POLL: What should our next Project be?

What should our next Project be?  Many of you know about Ginger (1967 45′ Connie) and The Professor (1962 44′ Roamer) … We have our next project in mind, but what do you think it should be? Enter your own options below!!

What should our next Project be? Many of you know about Ginger (1967 45' Connie) and The Professor (1965 44' Roamer)…

Posted by Life of a Captain – Antique and Classic Boat Foundation on Monday, December 2, 2019

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Get a Cruise on one of our classic vessels either in Chicago or Austin!

Want to join me in supporting a good cause? This #GivingTuesday I’m raising money for Life of a Captain – Antique and Classic Boat Foundation. Every little bit helps because on GivingTuesday Dec 3, Facebook will match donations.

  • $20 donation gets you a raffle ticket for a chance at a 1.5 hour cruise
  • $5,000 donation gets you two custom 2.5 hour cruises for up to 6 people, weekend use and overnight accommodations on the boat, Sunday brunch delivered to the boat, appetizers, cocktails and a docent tour.
  • $1,000 donation gets you a custom 2.5 hour cruise for 6 people with a docent tour and half hour pre-departure dock party that includes appetizers and cocktails..
  • $500 donation gets you a 1.5 hour cruise for 6 people.
  • $100 donation gets you 10 raffle tickets for a 1.5 hour cruise
  • $50 donation gets you one of our very first signature T-Shirts and two raffle tickets for a 1.5 hour cruise
  • $20 donation gets you a raffle ticket for a 1.5 hour cruise – at the end of the fundraiser we will randomly select one person from all the $20 donations as a winner of the cruise
    (cruises are either in Chicago or on Lake Travis, Austin Texas and do not include special events or holiday weekends.)

Donate Here —> https://www.facebook.com/donate/542032283246072/

I’ve included information about Life of a Captain – Antique and Classic Boat Foundation below. The Antique and Classic Boat Foundation is an association dedicated to connecting people who love and enjoy classic boats with events, information, expertise, and other people who share the passion. We provide information, education, and resources designed to promote, sustain and grow the hobby, professions, community, and lifestyle surrounding the safe enjoyment of classic boats and boating. We perpetuate the craftsmanship, artistry, and knowledge of the maritime traditions through education, public display, restoration and construction, and entertainment.

If you would like to join the event, I will send you a gentle reminder Tuesday Morning
https://www.facebook.com/events/420570008888486/

 

Want to join me in supporting a good cause? This #GivingTuesday I'm raising money for Life of a Captain – Antique and…

Posted by Life of a Captain – Antique and Classic Boat Foundation on Monday, December 2, 2019

 

 

 

 

 

Why there are locks and how they work

A lock is a device used for raising and lowering boatsships and other watercraft between stretches of water of different levels on river and canal waterways. The distinguishing feature of a lock is a fixed chamber in which the water level can be varied; whereas in a caisson lock, a boat lift, or on a canal inclined plane, it is the chamber itself (usually then called a caisson) that rises and falls.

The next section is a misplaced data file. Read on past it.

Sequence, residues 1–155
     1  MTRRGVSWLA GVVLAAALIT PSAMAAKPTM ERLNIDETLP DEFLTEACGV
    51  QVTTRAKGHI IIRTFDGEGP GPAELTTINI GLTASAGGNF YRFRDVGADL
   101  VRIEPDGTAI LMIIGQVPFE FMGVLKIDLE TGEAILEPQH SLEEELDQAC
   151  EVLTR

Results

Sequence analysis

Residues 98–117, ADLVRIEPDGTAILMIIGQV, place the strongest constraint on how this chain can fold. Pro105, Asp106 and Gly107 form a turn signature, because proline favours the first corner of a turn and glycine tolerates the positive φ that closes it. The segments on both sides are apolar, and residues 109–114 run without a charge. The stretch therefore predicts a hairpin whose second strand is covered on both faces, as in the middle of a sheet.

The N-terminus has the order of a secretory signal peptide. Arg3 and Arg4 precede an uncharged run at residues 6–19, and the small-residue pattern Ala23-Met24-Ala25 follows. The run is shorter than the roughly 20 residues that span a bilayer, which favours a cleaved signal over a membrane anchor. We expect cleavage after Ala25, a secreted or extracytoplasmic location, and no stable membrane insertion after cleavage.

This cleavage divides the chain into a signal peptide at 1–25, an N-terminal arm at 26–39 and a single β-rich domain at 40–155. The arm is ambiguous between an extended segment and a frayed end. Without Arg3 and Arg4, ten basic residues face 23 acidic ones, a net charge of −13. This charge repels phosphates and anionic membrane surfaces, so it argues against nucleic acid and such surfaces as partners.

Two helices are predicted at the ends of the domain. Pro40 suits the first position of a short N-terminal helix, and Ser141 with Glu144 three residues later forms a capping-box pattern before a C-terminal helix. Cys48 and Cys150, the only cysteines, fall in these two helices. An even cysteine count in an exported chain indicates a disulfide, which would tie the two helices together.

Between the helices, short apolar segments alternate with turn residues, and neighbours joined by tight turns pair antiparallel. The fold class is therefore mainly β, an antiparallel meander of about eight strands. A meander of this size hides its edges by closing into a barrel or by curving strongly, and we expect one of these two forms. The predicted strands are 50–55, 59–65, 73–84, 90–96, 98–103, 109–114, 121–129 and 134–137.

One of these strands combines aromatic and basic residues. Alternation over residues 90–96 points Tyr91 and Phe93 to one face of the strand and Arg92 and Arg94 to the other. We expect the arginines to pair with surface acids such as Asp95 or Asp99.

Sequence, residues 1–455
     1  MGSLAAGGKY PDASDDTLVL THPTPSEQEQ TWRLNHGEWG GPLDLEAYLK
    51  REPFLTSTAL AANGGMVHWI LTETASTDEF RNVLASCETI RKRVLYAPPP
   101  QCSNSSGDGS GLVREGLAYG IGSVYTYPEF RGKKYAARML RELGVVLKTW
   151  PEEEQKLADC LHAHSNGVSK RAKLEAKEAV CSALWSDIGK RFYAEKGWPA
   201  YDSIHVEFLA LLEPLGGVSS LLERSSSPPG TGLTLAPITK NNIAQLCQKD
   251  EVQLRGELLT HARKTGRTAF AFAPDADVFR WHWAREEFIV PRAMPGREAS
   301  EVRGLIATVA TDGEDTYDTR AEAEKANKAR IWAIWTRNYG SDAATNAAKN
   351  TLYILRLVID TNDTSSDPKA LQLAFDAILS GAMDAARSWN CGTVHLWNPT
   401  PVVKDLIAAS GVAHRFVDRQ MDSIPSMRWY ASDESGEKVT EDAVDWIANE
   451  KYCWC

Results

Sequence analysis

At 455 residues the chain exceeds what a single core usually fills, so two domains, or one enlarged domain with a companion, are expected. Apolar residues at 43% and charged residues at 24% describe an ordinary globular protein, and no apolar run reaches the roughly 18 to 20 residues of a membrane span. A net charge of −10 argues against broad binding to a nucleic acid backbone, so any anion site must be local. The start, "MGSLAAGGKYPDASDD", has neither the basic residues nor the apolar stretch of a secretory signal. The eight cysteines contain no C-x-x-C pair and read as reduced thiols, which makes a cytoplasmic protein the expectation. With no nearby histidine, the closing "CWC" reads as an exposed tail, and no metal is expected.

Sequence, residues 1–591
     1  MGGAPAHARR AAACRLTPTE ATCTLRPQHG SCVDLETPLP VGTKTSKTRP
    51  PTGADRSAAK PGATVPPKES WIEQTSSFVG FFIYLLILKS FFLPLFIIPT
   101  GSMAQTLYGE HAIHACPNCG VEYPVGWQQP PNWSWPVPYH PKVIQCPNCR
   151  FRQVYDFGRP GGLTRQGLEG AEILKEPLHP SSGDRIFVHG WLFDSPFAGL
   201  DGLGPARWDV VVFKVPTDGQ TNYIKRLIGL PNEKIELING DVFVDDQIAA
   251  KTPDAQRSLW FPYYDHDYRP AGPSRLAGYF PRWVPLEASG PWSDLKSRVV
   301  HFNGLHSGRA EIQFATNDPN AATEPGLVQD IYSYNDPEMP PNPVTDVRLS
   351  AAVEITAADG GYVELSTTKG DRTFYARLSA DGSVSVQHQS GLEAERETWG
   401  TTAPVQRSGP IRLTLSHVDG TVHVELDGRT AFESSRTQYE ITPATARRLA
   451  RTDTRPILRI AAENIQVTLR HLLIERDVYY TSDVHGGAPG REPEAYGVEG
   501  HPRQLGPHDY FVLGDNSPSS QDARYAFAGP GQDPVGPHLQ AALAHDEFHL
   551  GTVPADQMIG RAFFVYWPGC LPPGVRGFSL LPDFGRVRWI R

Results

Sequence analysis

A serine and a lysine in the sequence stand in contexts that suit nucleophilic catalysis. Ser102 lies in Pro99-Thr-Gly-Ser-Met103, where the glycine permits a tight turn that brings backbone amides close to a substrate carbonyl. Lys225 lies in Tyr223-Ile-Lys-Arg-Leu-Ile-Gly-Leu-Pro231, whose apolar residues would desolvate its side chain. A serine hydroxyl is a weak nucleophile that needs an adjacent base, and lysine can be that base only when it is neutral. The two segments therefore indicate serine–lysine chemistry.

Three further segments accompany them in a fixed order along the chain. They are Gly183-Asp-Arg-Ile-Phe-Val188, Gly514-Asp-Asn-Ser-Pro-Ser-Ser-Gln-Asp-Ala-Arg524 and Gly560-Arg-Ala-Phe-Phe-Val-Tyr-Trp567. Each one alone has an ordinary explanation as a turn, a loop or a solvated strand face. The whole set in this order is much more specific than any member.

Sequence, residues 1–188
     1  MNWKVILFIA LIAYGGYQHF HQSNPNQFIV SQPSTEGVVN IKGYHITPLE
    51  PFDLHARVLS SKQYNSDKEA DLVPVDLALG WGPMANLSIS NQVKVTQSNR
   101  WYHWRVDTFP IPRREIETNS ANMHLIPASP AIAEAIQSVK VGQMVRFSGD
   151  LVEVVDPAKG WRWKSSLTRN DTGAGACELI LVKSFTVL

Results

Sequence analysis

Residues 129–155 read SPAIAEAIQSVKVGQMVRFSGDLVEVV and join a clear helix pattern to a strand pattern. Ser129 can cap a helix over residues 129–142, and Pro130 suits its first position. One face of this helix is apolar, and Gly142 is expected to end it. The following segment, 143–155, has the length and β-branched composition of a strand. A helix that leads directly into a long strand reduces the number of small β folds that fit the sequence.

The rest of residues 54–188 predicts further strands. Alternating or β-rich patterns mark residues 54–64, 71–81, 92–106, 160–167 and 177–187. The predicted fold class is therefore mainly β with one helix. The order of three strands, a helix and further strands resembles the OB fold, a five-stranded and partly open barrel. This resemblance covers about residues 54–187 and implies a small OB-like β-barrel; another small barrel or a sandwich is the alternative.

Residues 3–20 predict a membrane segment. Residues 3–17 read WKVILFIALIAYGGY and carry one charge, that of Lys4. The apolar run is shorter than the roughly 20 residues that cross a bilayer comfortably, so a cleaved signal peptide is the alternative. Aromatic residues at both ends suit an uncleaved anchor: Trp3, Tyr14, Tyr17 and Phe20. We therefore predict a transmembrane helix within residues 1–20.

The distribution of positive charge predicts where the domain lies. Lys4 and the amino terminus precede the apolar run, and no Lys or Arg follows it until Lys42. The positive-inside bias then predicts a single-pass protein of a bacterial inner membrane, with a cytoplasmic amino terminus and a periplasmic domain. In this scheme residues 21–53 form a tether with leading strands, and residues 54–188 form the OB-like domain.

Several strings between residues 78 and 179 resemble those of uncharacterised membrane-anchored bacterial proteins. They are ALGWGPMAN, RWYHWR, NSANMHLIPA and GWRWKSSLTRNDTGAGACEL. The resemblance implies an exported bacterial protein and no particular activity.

Locks are used to make a river more easily navigable, or to allow a canal to cross land that is not level. Later canals used more and larger locks to allow a more direct route to be taken.

A lock is a part of a navigable waterway system that makes a water “channel” deep enough for vessels to use. The lock controls pool depths, for example in a lock and dam system across a waterway.

The lock is a place where boats that travel up or down a river or canal can be moved to the next higher or lower level. Locks are built in places where the level of the water in the river or canal suddenly changes. This may be because of a waterfall there, or because a dam or a weir has been built, or because some other thing is in the way. The lock is like a big chamber with gates at each end. They have lock gears which empty or fill the chamber with water. Locks help a river to be more easily navigable (easier for boats to travel up and down), or for canals to be built across country that is not level.

If a boat that is traveling downstream (in the same direction that the water is flowing) arrives at a lock, this is what happens:

  • The boat waits until the lock is full of water. If a boat going the other way has just come out of the lock, the water level will be right and the gates will be open. This will save time.
  • The entrance gates (if shut) are opened and the boat sails in.
  • The entrance gates are closed.
  • A valve is opened, and water flows out of the chamber so that the boat goes down.
  • When the water is at the level of the next bit of river, the exit gates are opened and the boat sails out.

If a boat that is traveling upstream (in the opposite direction to the water flow), the opposite happens:

  • The boat waits until the water level is low. If a boat going the other way has just come out of the lock, the water level will be right and the gates will be open.
  • The entrance gates (if shut) are opened and the boat sails in.
  • The entrance gates are closed.
  • A valve is opened, and water pours into the chamber so that the boat goes up.
  • When the water is at the level of the next bit of river, the exit gates are opened and the boat sails out.

The whole process of going through a lock may take about 15 to 20 minutes, depending on whether the boat has to wait. Some locks can take several boats at once, and the first one to enter may have to wait until other boats arrive.

File:UMRS Lock 12.jpg